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STOIC POETRY | A plan of life and death

Updated: Sep 4, 2021

October 19, 2019

Dear Eric,

I write these words now almost twenty years to the day since I completed my story of you and Joe-Bob, sharing the impact of your living and dying upon my own life. Your example, in fact, derailed my life; as I am confident I would be a quite different person now if not for the experience of knowing you both, and watching you live and choose to exit life together on account of principles which you held and which I could not then understand—which perhaps I still do not understand. Just as I do not understand the principles which others also hold dear, such as the religious, who hold values which sometimes rest upon a foundation of something they call faith. This approach of belief and values based on faith is alien to me, and seems lazy, and dull, and an easy way out of the harder challenge of attempting to understand. Just as the structure of reality which you and Joe-Bob maintained as real was—and remains—alien to me. And yet, like the religious, you had set-up an entire plan and project of your lives together based on that alien reality which you maintained as real. This was the thing which struck me then... The idea of building a life model upon which we might base our living and apply value and meaning to our decisions and actions. Such as the decision you made to follow Joe-Bob into death, a decision founded upon principles which—regardless of what I might think—provided both of you with a sense of meaning to your lives…and your deaths. Your lives had purpose. You had a reason to live and to die even. You had something larger than yourselves to strive for. And this is what others also seem to gain from their own endeavors at organizing their lives around a plan, and perhaps a story, and maybe even a fairytale which may do no more than comfort and seemingly keep the believer safe from the night. The night which is real. The night which must always come—and against which we might build a fortress of comfort, despite the fortress not being real, or of much substance, or of much truth. For the fortress need not last any longer than us. The vain fortress is welcome to fail after we are gone. Our stories need last no longer than there is someone to remember and relate the tale.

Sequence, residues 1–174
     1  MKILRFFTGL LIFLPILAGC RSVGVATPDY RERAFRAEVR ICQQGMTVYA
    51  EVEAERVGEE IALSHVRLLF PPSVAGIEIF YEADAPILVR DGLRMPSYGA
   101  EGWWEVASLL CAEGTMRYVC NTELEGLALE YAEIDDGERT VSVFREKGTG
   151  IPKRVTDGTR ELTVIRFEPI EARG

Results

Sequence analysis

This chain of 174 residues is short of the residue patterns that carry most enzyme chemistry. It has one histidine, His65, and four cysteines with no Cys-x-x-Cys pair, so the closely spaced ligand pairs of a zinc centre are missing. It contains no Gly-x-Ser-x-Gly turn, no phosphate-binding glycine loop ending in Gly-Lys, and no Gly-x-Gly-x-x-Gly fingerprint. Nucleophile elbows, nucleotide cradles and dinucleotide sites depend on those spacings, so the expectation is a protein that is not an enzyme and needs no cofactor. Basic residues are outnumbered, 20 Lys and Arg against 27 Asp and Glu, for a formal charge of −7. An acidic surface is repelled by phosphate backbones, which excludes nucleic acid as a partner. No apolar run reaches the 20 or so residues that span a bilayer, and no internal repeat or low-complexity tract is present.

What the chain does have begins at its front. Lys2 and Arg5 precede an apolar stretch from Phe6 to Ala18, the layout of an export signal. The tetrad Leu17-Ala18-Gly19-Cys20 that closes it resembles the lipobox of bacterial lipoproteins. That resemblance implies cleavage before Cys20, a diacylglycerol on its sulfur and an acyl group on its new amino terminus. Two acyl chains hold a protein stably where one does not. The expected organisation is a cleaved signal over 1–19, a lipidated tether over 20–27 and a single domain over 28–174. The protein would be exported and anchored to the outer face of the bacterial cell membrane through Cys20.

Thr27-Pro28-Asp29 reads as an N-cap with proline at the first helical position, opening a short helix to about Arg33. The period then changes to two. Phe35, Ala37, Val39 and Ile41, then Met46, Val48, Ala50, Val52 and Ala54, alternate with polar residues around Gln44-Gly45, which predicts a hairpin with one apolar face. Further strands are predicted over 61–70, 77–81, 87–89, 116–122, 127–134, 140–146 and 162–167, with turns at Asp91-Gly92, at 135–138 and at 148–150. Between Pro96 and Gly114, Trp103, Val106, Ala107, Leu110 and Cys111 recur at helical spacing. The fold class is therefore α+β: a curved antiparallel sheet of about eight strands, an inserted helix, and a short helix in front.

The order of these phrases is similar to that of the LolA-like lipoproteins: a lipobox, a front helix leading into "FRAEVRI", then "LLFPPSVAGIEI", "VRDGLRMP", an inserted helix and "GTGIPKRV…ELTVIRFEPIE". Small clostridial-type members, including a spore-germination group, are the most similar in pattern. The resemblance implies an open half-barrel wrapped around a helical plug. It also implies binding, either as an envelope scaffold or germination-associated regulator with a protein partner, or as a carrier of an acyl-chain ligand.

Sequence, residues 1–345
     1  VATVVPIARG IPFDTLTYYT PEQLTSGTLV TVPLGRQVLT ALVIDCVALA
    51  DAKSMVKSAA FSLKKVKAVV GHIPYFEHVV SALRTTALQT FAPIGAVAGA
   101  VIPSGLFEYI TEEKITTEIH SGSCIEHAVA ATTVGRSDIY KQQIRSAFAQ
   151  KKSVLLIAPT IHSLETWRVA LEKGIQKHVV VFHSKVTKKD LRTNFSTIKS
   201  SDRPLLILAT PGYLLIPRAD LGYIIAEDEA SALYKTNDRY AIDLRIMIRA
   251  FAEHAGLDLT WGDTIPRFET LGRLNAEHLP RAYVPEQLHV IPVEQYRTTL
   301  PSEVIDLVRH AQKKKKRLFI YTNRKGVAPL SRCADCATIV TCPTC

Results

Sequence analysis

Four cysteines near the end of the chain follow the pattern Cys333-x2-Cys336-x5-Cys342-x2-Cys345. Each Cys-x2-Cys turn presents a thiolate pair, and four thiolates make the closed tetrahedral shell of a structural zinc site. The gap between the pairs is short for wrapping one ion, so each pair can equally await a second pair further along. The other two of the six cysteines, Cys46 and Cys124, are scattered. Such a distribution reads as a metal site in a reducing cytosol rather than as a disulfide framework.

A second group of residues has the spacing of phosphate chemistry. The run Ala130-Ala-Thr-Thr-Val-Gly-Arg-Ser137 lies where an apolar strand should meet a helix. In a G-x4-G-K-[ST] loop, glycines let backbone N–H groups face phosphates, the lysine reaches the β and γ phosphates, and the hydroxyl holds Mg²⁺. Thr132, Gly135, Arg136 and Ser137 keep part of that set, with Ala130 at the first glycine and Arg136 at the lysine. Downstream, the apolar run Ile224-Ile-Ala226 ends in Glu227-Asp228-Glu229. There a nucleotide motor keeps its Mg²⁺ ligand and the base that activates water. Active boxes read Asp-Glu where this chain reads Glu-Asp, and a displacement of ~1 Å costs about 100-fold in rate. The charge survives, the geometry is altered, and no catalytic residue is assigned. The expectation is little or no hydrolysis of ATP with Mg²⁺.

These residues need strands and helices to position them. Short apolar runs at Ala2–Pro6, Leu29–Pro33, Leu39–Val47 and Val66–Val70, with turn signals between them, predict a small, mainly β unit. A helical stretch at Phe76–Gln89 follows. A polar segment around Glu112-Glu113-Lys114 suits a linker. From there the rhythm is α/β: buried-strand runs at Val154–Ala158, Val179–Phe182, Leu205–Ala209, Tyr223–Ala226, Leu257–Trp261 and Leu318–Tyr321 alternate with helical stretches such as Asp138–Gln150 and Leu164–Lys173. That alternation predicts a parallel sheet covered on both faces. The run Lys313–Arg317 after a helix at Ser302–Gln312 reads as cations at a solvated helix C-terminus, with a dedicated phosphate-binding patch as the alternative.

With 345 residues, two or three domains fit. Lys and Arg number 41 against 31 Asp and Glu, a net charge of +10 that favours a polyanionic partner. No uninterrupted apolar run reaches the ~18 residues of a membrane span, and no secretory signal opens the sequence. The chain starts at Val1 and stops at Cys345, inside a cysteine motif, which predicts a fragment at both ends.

And so, after the death of my friends I decided to set out to create and tell a story of my own. A story which must be based on truth. A story founded on what I take to be real. My story would tolerate no comforting nonsense—as I’d prefer the dark and the night and the cold, if this be true, to any artificial light, or day or warmth which may be false, and which might only distract and keep back the night and the sound of the howling out there further than I might ever have courage to go. I resolved then to not keep back the dark, and to go—alone—into the dark, and to not take any light, or flame, or anything of comfort, and to stay longer there than perhaps I should, and then to come back and consider, set down and tell the story of what I’d found—or hadn’t. A story which I maintain as true. A story of my Going Alone. And of The Good Life I now attempt to live.


My name is Kurt Bell.

You can learn more about The Good Life in my book Going Alone.

Be safe... But not too safe.

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